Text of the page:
FLC’s Walker Describes Crossroads of Peace in Boston’s Back Bay

walker

First Lutheran’s own Andrew Walker has been featured in UniteBoston in a depiction of the Back Bay religious life.  Andrew is a long and loyal member of First Lutheran Churh who is making his mark by “Bringing the Message and Example of Jesus Christ to Greater Boston!”

For the past five months, the UniteBoston Reps have been engaging in various activities to listen and learn from their communities. These past four weeks, each rep will be writing a brief blog to share their findings with the Greater Boston Christian community. This week, Andrew Walker, UB Rep in the Back Bay, shares his insights.

When I think of Back Bay, two symbols come to mind that help me capture the character of this neighborhood: a pen and a wagon wheel. The pen represents learning and the pursuits that require a high level of literacy. Most of the activities that are evident in the Back Bay, from commerce to the various trades and occupations require learning and literacy as basic preconditions….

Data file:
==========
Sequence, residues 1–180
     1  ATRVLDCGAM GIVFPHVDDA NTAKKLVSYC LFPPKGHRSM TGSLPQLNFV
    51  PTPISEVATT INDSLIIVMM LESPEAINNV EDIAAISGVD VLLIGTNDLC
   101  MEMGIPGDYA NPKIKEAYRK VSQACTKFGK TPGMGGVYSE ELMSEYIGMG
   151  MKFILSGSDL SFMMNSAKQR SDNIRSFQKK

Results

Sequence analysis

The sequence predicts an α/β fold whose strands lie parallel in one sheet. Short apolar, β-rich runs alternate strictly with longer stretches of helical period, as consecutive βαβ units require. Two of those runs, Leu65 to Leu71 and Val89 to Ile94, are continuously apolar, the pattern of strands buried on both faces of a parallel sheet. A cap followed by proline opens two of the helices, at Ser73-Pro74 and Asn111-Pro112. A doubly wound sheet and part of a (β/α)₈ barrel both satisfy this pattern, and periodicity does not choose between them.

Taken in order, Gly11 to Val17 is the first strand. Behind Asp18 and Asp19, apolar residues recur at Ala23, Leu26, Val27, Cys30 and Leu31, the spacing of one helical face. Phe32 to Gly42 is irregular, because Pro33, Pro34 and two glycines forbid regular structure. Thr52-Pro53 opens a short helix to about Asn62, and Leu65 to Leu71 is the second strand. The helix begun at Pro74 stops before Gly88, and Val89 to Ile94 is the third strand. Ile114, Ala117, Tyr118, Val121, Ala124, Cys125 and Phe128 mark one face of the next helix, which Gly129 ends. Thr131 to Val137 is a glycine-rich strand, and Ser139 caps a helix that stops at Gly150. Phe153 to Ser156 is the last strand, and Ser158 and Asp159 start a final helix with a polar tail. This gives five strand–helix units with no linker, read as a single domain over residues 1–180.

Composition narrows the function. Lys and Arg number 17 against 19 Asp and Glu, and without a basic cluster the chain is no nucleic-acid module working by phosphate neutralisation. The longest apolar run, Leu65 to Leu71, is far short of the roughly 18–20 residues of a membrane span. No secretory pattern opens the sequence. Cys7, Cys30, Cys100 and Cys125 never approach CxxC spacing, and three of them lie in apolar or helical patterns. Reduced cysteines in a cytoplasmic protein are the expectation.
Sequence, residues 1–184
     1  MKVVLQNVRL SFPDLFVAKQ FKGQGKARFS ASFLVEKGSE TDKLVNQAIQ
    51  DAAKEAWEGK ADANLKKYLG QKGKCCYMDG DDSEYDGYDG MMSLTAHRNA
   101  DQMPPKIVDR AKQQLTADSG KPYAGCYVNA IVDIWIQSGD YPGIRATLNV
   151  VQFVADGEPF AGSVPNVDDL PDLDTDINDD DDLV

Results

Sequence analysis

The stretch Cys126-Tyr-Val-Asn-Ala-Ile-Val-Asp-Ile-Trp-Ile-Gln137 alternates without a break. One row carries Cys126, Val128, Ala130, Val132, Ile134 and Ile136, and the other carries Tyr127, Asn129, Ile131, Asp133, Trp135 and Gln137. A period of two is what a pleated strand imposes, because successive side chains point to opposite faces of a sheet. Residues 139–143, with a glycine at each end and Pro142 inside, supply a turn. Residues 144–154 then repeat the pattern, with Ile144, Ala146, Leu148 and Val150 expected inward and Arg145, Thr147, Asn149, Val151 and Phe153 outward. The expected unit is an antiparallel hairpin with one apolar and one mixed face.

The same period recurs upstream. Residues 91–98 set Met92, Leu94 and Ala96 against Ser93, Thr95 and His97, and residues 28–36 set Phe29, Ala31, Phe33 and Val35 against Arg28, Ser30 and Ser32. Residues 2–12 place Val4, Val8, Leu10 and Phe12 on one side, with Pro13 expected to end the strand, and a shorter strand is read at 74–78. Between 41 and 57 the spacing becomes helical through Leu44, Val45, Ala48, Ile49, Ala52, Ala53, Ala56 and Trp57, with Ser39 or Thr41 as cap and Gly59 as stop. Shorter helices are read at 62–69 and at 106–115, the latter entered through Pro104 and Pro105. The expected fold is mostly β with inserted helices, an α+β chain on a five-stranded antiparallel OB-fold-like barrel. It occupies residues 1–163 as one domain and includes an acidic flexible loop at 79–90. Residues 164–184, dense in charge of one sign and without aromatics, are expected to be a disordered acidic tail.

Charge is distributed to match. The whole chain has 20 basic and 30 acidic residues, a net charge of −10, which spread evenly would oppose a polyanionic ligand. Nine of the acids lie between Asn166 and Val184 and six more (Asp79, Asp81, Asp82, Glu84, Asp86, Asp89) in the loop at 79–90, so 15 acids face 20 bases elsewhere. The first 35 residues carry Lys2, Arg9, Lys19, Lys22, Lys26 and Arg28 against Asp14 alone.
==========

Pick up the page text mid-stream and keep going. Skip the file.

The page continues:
As I consider the question that we are all addressing, what’s God doing among us, this contrast weighs heavily on my heart. But I am not without encouragement.

At First Lutheran Church in Boston, my home congregation on Berkeley Street, I was invited this spring to present 3 sessions of instruction in Biblical Peacemaking during Sunday Morning Adult Bible study. I was pleasantly surprised at how well received it was. Three sessions grew into five sessions and there were more participants at the last session than at the first. I was especially delighted to observe that the sessions included allot of discussion and many thoughtful and penetrative questions were raised and debated. Perhaps most encouraging was the readiness of participants to consider the consequences of avoidance of difficult questions; how the patterns of avoidance hinder discussion when important issues like budget need to be addressed.

Participants in the congregation at First Lutheran are in many ways similar to the folks in the immediate neighborhood. Some are families, some are single, many are students. And we are blessed by much cultural diversity. Career interests are similar. Economic goals are similar. So I don’t consider it too much of a stretch of imagination to suppose that the thoughtful interest in Biblical Peacemaking I was surprised by at First Lutheran might imply that a similar interest exists in the larger community.

God is working among us and we’ll see the benefits when we listen to Him and to one another.

Read the whole article here.

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